Are we ready for a data revolution?

In July 2012, the UN Secretary- General Ban Ki Moon appointed a High Level Panel of Eminent Persons on Post-2015 Sustainable Development Agenda. In its report, the panel calls for the building of a global data consensus.

According to the report, “Too often, development efforts have been hampered by a lack of the most basic data about the social and economic circumstances in which people live… Better data and statistics will help governments track progress and make sure decisions are evidence-based; they can also strengthen accountability.”

This is simply a call for a data revolution. Free big data from satellite imagery is pouring unimaginable data into the hands of a few people who can convert it into knowledge and necessary visualization for better decision making. The revolution is upon us. Ignoring the transformation is not wise.

Unfortunately, African states are not leveraging on these data advances to change the livelihood of their people. This is because African National Statistics Offices (NSOs) are debating whether such data conforms to known statistical standards and methods.

Yet technology will continue to decolonize data. We must embrace thinking outside the box and adapt to emergent ideas.


The proliferation of Information Technology and Communications (ICTs) is making it possible to visualize whether patterns over time.

Combining such technologies with satellite capacity, it is now possible to predict weather behaviour on real time basis.

Poring over such analysed data, you begin to see the impact on vegetation. Farmers can use such data to predict rainfall patterns, and adapt accordingly.

Satellite imagery on housing types can also be analysed to estimate poverty patterns and development in rural areas. Such estimates were not possible before.

Statisticians used conventional methods to gather such data and in most cases did not produce accurate data. Now, data gathered using conventional means can be triangulated with satellite data to give a fuller, three-dimensional picture.

These new formats of data are referred to as big data. A new concept that describes any large amount of structured (organised), semi-structured and unstructured data that has the potential to be quarried for information.

It is then analyzed and used to predict future events or to extract other value from data. For example, in Uganda mobile data has been used to predict population movement patterns.

These patterns also are associated with the spread of certain diseases such as common cold. With such knowledge, we can begin to contain more complex diseases such as Ebola.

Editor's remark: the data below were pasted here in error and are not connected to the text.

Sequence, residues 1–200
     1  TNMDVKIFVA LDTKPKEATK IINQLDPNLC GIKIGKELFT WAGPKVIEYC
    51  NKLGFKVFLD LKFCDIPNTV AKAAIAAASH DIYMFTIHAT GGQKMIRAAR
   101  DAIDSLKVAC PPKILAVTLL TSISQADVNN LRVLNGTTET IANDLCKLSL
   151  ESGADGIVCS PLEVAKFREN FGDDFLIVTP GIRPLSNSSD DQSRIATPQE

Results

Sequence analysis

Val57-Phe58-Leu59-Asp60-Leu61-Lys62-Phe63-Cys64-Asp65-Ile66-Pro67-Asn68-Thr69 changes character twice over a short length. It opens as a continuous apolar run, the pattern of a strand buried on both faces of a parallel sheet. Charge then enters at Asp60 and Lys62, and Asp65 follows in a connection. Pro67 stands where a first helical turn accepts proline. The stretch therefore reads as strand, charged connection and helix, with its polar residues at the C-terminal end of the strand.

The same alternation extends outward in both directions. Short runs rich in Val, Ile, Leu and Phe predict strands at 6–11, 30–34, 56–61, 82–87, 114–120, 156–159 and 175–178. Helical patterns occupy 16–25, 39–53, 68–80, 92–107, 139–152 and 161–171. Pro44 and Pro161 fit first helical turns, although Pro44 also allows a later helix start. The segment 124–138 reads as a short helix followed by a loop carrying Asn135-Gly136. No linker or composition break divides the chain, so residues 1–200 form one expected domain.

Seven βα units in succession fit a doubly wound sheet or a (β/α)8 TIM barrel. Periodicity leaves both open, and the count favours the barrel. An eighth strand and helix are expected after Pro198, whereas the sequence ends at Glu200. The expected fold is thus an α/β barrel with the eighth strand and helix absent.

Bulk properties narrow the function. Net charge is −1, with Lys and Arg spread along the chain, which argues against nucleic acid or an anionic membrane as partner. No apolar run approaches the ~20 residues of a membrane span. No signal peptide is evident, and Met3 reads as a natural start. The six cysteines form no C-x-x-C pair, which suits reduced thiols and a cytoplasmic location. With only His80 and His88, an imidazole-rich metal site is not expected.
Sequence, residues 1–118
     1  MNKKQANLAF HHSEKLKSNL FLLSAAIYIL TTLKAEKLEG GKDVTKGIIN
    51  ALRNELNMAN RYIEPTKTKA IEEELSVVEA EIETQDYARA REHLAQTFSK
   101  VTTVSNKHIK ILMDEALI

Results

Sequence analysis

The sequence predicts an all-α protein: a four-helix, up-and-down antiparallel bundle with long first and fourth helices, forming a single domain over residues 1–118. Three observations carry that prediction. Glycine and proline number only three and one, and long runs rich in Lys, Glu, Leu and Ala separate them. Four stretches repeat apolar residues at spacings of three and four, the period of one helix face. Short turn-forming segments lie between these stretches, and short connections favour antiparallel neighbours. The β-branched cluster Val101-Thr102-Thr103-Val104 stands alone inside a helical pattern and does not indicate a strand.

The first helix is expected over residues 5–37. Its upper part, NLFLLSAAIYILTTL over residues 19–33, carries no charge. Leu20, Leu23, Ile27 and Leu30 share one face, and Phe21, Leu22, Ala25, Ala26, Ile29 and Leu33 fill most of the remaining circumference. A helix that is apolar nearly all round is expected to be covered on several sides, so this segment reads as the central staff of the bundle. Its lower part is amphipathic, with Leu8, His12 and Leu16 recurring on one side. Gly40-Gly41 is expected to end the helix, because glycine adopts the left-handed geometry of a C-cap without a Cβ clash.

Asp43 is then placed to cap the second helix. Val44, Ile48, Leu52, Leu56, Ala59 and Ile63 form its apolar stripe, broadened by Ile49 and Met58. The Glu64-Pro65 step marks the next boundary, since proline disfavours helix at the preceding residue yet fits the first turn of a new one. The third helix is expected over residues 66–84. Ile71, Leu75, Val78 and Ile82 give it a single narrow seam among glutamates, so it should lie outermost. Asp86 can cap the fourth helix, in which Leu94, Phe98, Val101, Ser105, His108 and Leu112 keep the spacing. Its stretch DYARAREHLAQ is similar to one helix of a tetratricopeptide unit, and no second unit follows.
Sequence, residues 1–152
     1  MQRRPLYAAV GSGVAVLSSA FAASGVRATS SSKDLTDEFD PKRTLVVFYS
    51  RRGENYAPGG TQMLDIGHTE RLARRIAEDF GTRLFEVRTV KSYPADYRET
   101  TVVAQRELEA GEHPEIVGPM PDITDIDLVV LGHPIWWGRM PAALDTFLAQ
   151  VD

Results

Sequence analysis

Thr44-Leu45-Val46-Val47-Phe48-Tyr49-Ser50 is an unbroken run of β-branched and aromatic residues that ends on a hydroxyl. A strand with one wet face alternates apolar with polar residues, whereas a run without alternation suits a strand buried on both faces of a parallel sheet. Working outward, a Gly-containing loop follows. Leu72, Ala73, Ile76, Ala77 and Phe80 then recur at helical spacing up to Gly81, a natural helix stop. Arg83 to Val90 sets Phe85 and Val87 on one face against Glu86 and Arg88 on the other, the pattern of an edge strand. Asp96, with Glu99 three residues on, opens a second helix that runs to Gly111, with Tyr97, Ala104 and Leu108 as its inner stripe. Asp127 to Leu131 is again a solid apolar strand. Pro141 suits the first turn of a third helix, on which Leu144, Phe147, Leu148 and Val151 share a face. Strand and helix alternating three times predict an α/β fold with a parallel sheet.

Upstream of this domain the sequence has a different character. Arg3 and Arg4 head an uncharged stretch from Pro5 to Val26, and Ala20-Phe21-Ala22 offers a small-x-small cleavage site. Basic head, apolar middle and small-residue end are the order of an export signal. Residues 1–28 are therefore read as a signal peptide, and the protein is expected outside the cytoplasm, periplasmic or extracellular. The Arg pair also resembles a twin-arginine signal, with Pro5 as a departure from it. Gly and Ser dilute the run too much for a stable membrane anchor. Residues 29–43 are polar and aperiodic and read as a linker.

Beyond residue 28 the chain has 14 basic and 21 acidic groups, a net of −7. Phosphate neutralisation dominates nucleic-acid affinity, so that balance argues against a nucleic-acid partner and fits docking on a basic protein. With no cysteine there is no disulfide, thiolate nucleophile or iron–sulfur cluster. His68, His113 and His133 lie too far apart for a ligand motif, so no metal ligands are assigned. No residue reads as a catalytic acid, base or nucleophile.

For decades we have used basic, conventional, statistical methods to monitor and evaluate projects. However, most projects failed and continue to fail precisely because of reliance on such archaic methods.

Big data from social media could be more effective and efficient to use in monitoring and evaluation. The capture and analysis of social media data can provide instantaneous sentiments analysis from a population.

This is already happening in marketing research, which is increasingly relying on social media.

New terminologies, such as social media strategy management, crowd sourcing and digital ethnography are emerging. Organisations have started to include social media as part of an overall budget or strategy.

But this new thinking has not been incorporated in African NSOs. The preference for basic data collected using archaic methods will in the long run undermine accuracy of African data.

While it is true that we need data on basic development metrics to plan, budget, and evaluate, there is need to keep pace with technological changes.

Moreover, for data to be useful and valuable, it must be accurate, timely, disaggregated, and widely available. Unfortunately, in Africa, data remains a government secret.

For instance, Tanzanian parliament this week outlawed using data from sources other than the national statistics organisation.

Yet, for any statistical system to work towards improving policy and enhance accountability, it must allow all stakeholders to collect and freely exchange and analyse high-quality data.

There is perhaps no other place on earth where good data is more urgent than in sub-Saharan Africa. African NSOs must begin to embrace big data and a culture of sharing data.

This is because with ICTs, no one has the monopoly of analyzing any form of data. Big data does not undermine traditional statistical methods. It is complimentary.

After all, statisticians try to get numbers that are closest to actual picture. Big data is not just validating the data we have; it improves it.

With GPS mounted on motorbikes in Nairobi, young Kenyans are leveraging on big data as well as technology, to build new enterprises and create employment.

It is therefore imperative that we embrace the data revolution. Geoffrey Moore said, “Without big data, you are blind and deaf in the middle of a freeway.”

The writer is an associate professor at University of Nairobi’s School of Business.